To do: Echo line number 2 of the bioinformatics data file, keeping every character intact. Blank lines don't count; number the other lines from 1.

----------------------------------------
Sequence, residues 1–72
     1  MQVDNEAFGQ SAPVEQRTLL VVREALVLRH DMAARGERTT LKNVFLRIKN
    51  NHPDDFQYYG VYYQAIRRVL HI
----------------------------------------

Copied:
     1  MQVDNEAFGQ SAPVEQRTLL VVREALVLRH DMAARGERTT LKNVFLRIKN